Sugar coating the blood vessels of organs destined for transplant recipients could reduce organ rejection while allowing patients to ditch anti-rejection drugs, suggests new research out of the University of British Columbia.

While still in the proof-of-concept phase, it’s a significant finding because anti-rejection drugs come with serious side effects such as greater susceptibility to infections and a reduction in the effectiveness of vaccines – including COVID-19 vaccines.

The team’s solution, published last month in Nature Biomedical Engineering, involves chemically engineering a polyglycerol-sialic acid conjugate to fortify the organs’ original sugar coating. The natural coating normally suppresses the immune system’s reaction but is damaged during the organ harvesting, preservation and transplantation process.

“The message the sugar coating sends is ‘I’m you, so don’t attack me,” says medicine professor Dr. Jayachandran Kizhakkedathu. He and his team at the Centre for Blood Research and Life Sciences Institute showed their approach substantially reduced rejection of artery and kidney transplants in mice when tested by collaborators at Simon Fraser University and Northwestern University.

The team used a transglutaminase enzyme from guinea pig liver tissue to get the polyglycerol-sialic acid conjugate sugar replacement to coat the transplant organs’ blood vessels. This enzyme forms an irreversible isopeptide bond between amine donors (for example lysine residues) on the cell surface and glutamine-functionalized (Q-tagged) polymers.

“This means the bond is not easily degraded,” says PhD candidate Daniel Luo, who worked with Kizhakkedathu, along with chemistry professor Dr. Stephen Withers, research associate Dr. Lyann Sim and recent chemistry PhD graduate Dr. Erika Siren.

In addition, the transglutaminase enzyme is an ideal candidate because it works quickly and at low temperatures, says Luo. This is important because organs awaiting transplant can only remain outside the body for a few hours and are most often kept in a 4C preservation bath.

Dr. Siren likens the process to giving the organ a camouflage jacket: “We thought, what if we added stuff to the preservation bath that can coat the organ with something that can protect it from immune recognition while it soaks?”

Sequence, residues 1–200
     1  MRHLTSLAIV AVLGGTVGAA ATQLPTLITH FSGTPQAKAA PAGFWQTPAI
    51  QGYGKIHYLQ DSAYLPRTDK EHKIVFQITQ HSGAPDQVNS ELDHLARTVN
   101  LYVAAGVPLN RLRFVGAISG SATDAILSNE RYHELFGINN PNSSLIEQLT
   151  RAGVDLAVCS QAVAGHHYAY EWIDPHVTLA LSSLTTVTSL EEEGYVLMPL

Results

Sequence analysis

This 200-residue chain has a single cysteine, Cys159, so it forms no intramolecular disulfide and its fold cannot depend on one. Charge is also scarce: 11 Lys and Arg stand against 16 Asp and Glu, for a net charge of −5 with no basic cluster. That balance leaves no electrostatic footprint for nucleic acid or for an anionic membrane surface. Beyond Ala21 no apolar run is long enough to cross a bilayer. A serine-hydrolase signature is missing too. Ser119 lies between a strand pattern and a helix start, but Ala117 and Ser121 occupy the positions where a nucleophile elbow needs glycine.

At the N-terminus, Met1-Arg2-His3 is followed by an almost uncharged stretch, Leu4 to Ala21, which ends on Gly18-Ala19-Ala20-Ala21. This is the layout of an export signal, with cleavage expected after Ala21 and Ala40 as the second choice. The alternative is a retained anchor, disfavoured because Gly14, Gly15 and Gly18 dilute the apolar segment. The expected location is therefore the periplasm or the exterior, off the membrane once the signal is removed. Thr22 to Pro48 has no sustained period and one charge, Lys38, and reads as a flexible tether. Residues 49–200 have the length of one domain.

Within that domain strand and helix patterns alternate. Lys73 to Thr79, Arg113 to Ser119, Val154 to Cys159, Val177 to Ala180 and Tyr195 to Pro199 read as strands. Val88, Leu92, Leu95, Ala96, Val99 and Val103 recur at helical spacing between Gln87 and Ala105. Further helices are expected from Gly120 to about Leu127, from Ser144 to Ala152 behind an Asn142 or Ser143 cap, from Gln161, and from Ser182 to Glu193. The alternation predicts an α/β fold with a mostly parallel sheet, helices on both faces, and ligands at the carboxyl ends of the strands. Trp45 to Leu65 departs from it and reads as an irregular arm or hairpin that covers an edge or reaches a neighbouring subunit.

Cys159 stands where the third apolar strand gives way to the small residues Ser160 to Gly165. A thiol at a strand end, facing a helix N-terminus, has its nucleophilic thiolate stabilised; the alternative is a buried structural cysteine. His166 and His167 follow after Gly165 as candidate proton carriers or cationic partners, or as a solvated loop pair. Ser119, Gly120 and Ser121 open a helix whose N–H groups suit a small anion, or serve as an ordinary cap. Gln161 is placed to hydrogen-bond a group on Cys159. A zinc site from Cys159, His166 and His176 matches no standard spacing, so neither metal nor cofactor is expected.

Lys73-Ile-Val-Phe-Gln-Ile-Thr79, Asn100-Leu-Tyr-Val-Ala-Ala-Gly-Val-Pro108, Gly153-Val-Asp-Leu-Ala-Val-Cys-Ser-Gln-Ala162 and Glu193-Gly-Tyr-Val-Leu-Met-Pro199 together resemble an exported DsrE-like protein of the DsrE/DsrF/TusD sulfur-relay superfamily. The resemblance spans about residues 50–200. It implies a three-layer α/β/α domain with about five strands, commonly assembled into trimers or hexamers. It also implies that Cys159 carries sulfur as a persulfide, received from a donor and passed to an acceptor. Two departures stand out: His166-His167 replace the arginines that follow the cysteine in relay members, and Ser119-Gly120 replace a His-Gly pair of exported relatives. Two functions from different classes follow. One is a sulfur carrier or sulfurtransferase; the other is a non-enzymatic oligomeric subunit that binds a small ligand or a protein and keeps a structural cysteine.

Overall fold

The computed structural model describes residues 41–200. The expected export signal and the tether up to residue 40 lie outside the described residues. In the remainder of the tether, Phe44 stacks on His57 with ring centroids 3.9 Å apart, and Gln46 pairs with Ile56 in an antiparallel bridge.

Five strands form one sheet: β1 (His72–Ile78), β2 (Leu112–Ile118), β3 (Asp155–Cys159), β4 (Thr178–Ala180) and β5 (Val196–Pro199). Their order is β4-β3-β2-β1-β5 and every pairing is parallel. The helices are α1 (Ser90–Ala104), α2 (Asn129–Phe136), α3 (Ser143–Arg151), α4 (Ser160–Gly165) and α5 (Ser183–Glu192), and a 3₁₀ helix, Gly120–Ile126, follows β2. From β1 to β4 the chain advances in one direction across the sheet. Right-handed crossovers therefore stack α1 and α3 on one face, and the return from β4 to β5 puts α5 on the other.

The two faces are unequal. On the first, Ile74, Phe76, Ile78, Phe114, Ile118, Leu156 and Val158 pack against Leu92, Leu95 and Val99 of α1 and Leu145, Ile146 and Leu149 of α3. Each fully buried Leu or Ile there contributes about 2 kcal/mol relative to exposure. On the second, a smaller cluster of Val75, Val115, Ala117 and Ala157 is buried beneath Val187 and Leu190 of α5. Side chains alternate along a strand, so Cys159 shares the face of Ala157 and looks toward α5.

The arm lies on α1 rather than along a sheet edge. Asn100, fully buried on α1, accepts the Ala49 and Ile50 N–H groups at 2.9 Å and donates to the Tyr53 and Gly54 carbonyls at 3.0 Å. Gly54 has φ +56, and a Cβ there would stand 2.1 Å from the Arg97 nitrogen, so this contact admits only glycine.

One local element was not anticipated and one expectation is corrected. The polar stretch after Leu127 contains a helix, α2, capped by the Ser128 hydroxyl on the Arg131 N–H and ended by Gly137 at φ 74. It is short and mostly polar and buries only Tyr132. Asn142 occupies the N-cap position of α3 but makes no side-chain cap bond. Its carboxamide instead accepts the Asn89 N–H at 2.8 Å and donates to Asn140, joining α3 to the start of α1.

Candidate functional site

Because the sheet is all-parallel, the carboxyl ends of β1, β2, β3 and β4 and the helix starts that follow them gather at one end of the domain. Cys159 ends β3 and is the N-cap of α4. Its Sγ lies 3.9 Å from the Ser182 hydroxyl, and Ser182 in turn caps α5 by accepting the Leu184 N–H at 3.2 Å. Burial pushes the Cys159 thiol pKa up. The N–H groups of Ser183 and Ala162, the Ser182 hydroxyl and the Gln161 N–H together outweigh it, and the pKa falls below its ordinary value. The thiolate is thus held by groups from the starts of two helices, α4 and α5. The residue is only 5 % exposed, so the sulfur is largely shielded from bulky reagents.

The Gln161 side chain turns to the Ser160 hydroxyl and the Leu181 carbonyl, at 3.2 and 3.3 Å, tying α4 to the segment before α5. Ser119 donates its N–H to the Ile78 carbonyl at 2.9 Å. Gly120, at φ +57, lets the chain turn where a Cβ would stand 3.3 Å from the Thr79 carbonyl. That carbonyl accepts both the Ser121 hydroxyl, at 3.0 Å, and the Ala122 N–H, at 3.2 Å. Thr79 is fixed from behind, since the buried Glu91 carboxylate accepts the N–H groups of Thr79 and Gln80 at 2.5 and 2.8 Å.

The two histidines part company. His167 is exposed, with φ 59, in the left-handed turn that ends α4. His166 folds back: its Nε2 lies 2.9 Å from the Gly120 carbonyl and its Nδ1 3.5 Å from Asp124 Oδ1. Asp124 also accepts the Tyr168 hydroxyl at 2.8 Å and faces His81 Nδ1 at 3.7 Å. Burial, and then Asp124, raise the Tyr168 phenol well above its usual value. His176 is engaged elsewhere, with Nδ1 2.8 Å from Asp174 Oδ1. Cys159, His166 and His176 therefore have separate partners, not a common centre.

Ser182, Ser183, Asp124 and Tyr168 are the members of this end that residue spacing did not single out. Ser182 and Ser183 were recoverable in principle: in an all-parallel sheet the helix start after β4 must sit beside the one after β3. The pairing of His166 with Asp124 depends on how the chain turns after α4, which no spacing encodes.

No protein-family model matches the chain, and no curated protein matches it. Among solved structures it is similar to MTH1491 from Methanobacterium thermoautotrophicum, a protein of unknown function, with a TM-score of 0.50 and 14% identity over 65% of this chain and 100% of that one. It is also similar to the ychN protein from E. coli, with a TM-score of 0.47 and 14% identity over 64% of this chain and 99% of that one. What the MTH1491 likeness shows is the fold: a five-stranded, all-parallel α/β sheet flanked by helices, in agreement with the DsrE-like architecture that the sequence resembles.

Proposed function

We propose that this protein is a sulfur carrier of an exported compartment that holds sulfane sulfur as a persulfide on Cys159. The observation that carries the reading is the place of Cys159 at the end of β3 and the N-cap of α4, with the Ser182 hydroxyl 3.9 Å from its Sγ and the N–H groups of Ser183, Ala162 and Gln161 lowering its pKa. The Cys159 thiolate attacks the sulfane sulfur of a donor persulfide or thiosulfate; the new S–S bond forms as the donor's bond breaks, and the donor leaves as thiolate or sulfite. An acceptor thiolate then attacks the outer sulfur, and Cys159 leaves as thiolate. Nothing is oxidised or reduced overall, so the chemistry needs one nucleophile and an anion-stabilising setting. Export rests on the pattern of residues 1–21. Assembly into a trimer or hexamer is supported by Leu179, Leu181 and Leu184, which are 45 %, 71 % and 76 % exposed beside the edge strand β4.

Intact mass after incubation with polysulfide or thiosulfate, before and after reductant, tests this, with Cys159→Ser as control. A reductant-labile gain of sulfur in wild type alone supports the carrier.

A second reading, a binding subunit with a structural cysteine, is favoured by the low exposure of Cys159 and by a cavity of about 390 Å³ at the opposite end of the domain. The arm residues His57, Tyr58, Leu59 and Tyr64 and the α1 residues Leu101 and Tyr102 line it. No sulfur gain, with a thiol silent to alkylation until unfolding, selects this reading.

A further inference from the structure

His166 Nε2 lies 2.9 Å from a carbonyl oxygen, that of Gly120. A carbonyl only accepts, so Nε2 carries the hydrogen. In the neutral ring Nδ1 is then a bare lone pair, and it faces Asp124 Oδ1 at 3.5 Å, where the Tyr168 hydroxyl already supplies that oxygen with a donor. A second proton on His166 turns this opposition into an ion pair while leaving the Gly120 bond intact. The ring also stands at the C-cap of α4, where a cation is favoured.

Significantly, the approach ensures that it is only the transplanted organ that sends the message for the body not to mount an immune response. Anti-rejection drugs, on the other hand, suppress the immune system from attacking all things, which is what makes patients more susceptible to infection.

Simon Fraser University’s Dr. Jonathan Choy and Winnie Enns confirmed that a mouse artery, coated in this way and then transplanted showed strong, long-term resistance to inflammation and rejection. Dr. Caigan Du of UBC faculty of medicine’s department of urologic sciences and Dr. Jenny Zhang of Northwestern University got similar results from a kidney transplant between mice. Dr. Megan Levings, professor in UBC faculty of medicine’s department of surgery and investigator at BC Children’s Hospital Research Institute, then firmed up the findings using new-generation immune cells in vitro.

“We were amazed by the ability of this new technology to prevent rejection in our studies,” Dr. Choy, professor of molecular biology and biochemistry at SFU said in a news release. “To be honest, the level of protection was unexpected.”

Dr. Withers, whose expertise is enzymatic reactions that involve a sugar, says he is also encouraged by the team’s results but cautioned that “glycobiology is still in infant stages. More detail on exactly what a sugar coat is doing is needed in order to understand this better.”

The procedure has been tested only in blood vessels and kidneys in mice so far, and clinical trials in humans could still be several years away. However, the team is optimistic it could work equally well on lungs, hearts and other organs.